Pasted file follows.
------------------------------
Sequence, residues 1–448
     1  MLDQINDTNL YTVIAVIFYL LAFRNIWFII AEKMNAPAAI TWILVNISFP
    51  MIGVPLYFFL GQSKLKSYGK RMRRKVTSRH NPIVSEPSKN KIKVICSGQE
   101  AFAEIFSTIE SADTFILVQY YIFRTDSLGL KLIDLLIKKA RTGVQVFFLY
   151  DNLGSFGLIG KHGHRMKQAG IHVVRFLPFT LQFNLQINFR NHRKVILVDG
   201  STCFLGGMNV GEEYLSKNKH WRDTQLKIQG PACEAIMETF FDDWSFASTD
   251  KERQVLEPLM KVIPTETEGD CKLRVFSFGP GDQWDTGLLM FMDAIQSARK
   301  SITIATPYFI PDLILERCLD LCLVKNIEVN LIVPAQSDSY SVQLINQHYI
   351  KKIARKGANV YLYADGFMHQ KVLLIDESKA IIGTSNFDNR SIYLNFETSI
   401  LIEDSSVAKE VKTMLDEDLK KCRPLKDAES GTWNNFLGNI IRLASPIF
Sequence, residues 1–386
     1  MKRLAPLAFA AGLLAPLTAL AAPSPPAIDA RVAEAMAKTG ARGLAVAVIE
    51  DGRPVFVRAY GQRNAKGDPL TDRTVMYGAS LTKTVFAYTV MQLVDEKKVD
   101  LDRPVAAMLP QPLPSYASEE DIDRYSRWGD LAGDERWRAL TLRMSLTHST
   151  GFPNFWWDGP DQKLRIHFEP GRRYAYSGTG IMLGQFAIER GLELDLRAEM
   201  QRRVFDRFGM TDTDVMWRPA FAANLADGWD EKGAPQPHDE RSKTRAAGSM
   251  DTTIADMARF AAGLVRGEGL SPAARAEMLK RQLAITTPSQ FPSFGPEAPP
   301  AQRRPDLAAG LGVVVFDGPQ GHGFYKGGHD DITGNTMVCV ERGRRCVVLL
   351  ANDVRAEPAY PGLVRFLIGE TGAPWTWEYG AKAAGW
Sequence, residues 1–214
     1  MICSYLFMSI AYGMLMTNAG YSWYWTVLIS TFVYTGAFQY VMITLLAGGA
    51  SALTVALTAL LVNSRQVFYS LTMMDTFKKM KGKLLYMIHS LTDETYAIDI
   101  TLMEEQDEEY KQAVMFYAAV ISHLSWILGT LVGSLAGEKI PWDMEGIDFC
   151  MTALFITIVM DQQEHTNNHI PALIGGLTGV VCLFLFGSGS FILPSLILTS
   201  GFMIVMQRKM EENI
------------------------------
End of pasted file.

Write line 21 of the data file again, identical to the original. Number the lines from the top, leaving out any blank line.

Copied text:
     1  MICSYLFMSI AYGMLMTNAG YSWYWTVLIS TFVYTGAFQY VMITLLAGGA